Even a very tiny spark is capable of growing into a ferocious forest fire, if that tiny spark has the strength. That small spark could potentially destroy all impurities by burning them all to ashes. In the same way, a ferociously strong personality, with deeply imbibed virtues, has the capability to cleanse society of evils and moral depredations, by setting a righteous dharmic example to human kind. This post is about one such person, who sacrificed his life to nation building, renouncing all wealth, name and fame. He was a true karma yogi, he did not care for glory, but he made a deep impact on the foundations of society and politics. He spent all his life traveling to every nook and corner of the Indian country, serving the people and motivating them to stick to the path of dharma. It is unfortunate that many youngsters of today do not even know the name of the person who was the philosophical backbone of one of the political parties of India – The Jana Sangh, which now has grown into the Bharatiya Janatha Party.Pandit Deen Dayal Upadhyaya was born in 1916, in a modest family in Mathura, Uttar Pradesh. Orphaned at a very tender age, DeenDayal was raised by his uncle. Even though he was very poor and the family faced many hardships, Deen Dayal studied hard and obtained a BA and an MA degree by the time he was 21. At the end of his studies, when his uncle urged him to take up a job and lead a more settled life, Deen Dayal realized his life’s calling. All around him, he was seeing the suffering India was being put through by the British rule. He was seeing the once prosperous land, now barren and poor. He wanted to revive the life of the country. He decided to join the Rashtriya Swayamsevak Sangh (RSS) to become a pracharak (volunteer) and serve the country and its men, through the path of karma yoga. Deen Dayal worked unceasingly towards the RSS’ ideals.
In order to protect the people from the Congress’ political games in 1950s, a few among the best pracharaks from RSS formed a political party that was called the Jana Sangh. When the chief founder of the party – Dr Shyama Prasad Mukherjee died shortly afterwards, Deen Dayal took charge to keep the party organized and moving towards a common goal. In the hour of gloom and despair, Deen Dayal assumed the reins of leadership and fifteen years of his untiring effort brought the party to a level where political pundits began to consider the Jana Sangh as a close competitor to the Congress. Deen Dayal was the philosopher, the motivator and the guide to the party. Deendayal’s personality was a rare combination of commitment, clarity and pragmatism. He was a prolific scholar and an excellent orator with forward-looking ideals and objectives – exactly those qualities that a leader in India needed in the 1960s. In one of his speeches, he said – “We are energized by the glory of India’s past, but we do not regard it as the pinnacle of our national life. We have a realistic understanding of the present, but we are not tied to the present. Our eyes are entranced by the golden dreams about India’s future, but we are not given to sleep and sloth; we are karmayogis who are determined to translate those dreams into reality. We are worshippers of India’s timeless past, dynamic present and eternal future. Confident of victory, let us pledge to endeavor in this direction.” (at the Jana Sangh’s historic Calicut address)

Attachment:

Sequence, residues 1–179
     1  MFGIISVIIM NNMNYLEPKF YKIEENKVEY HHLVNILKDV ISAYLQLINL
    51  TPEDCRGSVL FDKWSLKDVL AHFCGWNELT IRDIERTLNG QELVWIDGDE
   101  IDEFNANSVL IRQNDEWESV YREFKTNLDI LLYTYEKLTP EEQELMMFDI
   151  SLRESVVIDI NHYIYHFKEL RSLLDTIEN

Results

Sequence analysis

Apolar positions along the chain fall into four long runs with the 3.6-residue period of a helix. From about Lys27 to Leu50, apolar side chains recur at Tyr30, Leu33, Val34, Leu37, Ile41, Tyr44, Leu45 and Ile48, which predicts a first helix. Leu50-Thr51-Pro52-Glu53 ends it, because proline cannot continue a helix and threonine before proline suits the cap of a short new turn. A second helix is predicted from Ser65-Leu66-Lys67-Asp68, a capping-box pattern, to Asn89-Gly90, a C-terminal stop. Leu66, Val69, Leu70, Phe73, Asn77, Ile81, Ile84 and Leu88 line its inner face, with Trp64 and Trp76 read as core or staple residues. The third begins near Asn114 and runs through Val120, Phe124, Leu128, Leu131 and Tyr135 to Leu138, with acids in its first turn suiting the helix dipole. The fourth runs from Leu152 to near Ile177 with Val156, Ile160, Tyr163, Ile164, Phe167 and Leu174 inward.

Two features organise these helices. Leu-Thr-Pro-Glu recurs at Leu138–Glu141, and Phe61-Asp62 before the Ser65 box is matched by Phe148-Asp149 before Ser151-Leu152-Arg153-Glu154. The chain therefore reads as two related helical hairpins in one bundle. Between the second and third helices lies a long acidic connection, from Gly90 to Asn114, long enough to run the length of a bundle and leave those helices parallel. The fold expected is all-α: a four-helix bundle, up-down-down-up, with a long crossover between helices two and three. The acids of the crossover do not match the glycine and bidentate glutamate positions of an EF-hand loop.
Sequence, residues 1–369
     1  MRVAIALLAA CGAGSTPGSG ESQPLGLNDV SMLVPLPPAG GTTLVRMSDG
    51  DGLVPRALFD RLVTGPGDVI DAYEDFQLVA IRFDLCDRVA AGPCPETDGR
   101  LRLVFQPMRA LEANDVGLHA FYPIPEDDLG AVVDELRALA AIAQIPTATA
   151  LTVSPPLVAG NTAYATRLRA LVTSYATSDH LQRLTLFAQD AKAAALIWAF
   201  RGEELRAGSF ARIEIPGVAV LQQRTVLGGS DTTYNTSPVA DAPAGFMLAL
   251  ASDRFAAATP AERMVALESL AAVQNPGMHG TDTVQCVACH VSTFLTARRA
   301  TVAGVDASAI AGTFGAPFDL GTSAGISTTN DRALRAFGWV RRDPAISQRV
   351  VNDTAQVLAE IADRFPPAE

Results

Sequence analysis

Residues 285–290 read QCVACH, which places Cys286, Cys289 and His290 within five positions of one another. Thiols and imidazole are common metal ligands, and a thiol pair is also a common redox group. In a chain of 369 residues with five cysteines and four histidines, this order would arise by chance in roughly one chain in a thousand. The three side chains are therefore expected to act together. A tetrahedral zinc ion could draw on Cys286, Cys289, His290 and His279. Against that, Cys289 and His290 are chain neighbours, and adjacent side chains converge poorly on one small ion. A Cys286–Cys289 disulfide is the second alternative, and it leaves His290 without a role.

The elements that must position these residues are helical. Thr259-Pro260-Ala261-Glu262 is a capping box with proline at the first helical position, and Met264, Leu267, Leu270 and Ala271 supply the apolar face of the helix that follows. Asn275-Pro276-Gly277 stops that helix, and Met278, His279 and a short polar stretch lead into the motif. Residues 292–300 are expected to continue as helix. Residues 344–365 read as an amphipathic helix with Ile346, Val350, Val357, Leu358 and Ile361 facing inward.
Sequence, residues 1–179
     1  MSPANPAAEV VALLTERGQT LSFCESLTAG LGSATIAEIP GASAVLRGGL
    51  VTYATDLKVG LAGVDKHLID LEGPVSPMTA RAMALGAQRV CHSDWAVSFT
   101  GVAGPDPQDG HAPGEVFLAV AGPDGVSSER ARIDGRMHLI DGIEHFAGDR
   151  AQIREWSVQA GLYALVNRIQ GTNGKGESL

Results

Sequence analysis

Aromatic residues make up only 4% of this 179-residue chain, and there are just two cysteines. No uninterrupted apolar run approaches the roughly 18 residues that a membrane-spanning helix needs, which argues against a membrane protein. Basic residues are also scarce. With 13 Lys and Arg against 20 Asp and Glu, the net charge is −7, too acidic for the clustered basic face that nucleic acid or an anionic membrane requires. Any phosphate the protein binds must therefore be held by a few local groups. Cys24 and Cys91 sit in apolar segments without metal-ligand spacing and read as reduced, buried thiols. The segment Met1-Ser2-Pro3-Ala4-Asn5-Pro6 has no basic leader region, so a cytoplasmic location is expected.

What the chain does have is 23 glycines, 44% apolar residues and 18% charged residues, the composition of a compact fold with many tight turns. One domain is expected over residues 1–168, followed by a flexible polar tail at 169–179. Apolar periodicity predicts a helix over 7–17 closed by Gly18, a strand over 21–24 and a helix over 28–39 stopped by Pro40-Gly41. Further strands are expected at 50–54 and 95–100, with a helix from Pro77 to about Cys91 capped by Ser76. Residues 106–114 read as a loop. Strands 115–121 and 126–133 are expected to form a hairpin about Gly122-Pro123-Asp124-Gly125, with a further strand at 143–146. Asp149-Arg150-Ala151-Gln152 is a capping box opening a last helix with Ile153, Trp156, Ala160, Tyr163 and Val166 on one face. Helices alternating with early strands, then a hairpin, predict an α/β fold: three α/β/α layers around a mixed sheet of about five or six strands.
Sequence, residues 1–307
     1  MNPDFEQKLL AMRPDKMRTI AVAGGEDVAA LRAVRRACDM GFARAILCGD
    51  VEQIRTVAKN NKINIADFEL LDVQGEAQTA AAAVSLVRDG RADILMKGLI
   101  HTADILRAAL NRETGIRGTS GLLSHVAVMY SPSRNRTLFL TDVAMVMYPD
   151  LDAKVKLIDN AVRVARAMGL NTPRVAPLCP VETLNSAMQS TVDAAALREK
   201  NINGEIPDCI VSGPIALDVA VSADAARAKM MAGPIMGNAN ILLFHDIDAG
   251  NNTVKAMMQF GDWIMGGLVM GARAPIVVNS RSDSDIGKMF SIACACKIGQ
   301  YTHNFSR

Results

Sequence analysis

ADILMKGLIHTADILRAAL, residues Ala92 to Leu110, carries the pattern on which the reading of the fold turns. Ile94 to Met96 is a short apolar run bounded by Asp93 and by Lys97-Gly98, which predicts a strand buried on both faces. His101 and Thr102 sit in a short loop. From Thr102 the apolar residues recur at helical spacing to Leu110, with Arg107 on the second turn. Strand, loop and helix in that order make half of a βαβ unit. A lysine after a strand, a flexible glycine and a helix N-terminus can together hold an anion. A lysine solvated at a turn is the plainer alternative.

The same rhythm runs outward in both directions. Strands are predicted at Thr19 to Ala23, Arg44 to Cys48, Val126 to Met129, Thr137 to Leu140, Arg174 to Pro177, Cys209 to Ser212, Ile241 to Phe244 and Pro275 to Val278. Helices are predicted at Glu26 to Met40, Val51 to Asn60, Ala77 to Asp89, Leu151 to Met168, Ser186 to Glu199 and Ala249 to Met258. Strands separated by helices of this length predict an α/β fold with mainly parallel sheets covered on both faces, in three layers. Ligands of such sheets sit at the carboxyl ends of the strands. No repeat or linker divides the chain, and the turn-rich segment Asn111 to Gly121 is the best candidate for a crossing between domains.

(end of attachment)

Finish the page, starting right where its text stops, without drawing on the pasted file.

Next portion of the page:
The well-known Nanaji Deshmukh was Deen Dayal’s roommate in his MA school years, and he recounts an incident that portrayed the inherent simplicity of Deen Dayal’s character. One day, Deen Dayal and Nanaji were going to the vegetable vendor to buy some vegetables. They bought vegetables worth 2 paisa and almost returned to their hostel, when Deen Dayal stopped suddenly. He put his hands into his pocket and pulled out 2 paisa and said, “I had 4 paisa when we left the hostel. And one of those coins was a bad coin. I accidentally gave the bad coin to the vegetable vendor. Let us go back and exchange the coins.” Saying thus, Deen Dayal made Nanaji go back all the way to get the bad coin back. The vegetable vendor was touched by this act of genuine goodness, and with tears in her eyes, she blessed Deen Dayal. Only after giving her the good coin, did he feel relieved and the agitation left his face. Such was the high standards of moral conduct that Deen Dayal adhered to.
Even though his contribution to the Jana Sangh was enormous, Deen Dayal always chose to stay away from the lime light and never came too close to the mainstream media. He preferred to remain in the background and monitor the work that was being done. He did not care for the name and fame that was easily attainable by any political activist, if chosen.
In all his extensive travels across the country, Deen Dayal always chose to travel by second class train compartments instead of first class, because he was very simple and he always insisted on living like a common man, not like a political party leader. He carried one extra pair of clothes, bedding and some books. Since he was always on the move, these were pretty much his life’s belongings. During one such trip in 1968, while Deen Dayal unassumingly stood by the door of a train compartment watching the beautiful Delhi sunset, an unidentified assailant mysteriously murdered him on the rail tracks. Pandit Deen Dayal Upadhyaya will not only be remembered for being the principal architect of the Jana Sangh, but also for being the author of his well known philosophical political treatise on a profound and original concept called “Integral Humanism”.